3. Perform the transformation. To do this, you pass the image to be transformed and the TFORM structure to the imtransform function.

The following figure illustrates this process.

Overview of General 2-D Spatial Transformation Process


Example: Performing a Translation

This example illustrates how to use the maketform and imtransform functions to perform a 2-D spatial transformation of an image. The example performs a simple affine transformation called a translation. In a translation, you shift an image in coordinate space by adding a specified value to the x- and y-coordinates. The example illustrates the following steps:

Step 1: Import the Image to Be Transformed

Bring the image to be transformed into the MATLAB workspace. This example creates a checkerboard image, using the checkerboard function. By default, checkerboard creates an 80-by-80 pixel image.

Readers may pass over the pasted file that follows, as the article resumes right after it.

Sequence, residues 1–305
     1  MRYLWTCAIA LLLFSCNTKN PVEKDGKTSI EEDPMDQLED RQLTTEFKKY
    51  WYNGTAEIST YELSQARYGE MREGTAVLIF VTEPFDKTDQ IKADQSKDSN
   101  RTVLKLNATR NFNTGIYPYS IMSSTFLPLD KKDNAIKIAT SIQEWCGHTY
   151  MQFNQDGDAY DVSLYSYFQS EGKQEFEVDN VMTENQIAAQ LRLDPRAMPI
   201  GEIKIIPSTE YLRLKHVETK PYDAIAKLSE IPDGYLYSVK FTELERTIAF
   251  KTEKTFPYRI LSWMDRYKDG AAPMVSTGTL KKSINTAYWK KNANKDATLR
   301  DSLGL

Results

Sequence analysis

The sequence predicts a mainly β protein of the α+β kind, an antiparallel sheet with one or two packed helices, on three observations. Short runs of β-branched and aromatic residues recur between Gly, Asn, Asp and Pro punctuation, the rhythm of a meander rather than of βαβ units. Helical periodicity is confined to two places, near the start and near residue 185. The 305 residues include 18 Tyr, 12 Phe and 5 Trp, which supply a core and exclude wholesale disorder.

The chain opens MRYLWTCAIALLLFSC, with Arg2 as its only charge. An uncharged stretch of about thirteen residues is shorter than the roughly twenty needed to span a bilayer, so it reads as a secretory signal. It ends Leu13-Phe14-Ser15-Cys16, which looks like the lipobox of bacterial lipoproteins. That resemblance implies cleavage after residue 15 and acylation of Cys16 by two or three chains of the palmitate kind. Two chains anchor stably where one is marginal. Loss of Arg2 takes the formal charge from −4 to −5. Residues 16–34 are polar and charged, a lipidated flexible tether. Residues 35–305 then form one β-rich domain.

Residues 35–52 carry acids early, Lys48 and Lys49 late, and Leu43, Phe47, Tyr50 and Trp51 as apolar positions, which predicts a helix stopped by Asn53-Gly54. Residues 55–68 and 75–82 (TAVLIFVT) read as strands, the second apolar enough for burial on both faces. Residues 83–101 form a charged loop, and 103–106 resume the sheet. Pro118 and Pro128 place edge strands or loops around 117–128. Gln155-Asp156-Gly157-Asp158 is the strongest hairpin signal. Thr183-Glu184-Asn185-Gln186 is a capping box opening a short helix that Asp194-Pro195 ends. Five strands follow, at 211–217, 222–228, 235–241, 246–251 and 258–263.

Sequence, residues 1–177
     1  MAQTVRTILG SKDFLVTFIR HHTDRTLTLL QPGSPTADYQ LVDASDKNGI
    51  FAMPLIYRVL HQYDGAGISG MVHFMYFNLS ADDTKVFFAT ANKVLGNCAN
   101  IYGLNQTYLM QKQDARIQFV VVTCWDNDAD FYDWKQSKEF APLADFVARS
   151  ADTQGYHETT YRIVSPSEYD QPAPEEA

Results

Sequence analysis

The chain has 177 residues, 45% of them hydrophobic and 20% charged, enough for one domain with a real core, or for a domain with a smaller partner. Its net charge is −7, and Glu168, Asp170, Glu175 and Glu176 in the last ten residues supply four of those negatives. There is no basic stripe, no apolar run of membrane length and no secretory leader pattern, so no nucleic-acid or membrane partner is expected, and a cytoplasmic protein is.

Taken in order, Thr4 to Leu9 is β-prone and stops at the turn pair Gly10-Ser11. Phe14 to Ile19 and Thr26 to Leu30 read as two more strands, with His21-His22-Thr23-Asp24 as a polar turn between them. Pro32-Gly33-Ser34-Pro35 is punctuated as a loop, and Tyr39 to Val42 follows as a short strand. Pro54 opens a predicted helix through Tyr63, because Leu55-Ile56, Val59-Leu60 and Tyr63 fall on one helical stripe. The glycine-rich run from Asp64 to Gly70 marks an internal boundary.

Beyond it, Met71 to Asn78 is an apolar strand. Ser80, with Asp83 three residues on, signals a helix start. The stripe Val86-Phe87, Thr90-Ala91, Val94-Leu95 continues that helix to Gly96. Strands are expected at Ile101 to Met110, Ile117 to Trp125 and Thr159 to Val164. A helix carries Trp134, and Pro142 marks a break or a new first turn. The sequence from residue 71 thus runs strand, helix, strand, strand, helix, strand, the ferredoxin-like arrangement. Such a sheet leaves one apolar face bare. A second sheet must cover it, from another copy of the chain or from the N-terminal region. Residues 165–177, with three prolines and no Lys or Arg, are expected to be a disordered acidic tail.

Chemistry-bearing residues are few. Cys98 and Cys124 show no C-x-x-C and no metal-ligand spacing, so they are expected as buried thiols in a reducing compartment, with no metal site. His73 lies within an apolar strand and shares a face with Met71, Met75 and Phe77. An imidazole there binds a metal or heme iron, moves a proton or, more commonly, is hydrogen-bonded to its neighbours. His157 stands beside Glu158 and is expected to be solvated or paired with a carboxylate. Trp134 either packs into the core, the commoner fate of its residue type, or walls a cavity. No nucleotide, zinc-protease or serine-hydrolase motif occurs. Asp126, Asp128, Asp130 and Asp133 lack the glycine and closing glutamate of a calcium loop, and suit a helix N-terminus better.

cb = checkerboard;  imshow(cb)

Original Image

Step 2: Define the Spatial Transformation

You must define the spatial transformation that you want to perform. For many types of 2-D spatial transformations, such as affine transformations, you can use a 3-by-3 transformation matrix to specify the transformation. You can also use sets of points in the input and output images to specify the transformation and let maketform create the transformation matrix. For more information, see Defining the Transformation Data.

This example uses the following transformation matrix to define a spatial transformation called a translation.

xform = [ 1 0 0 0 1 0 40 40 1 ]

In this matrix, xform(3,1) specifies the number of pixels to shift the image in the horizontal direction and xform(3,2) specifies the number of pixels to shift the image in the vertical direction.

Step 3: Create the TFORM Structure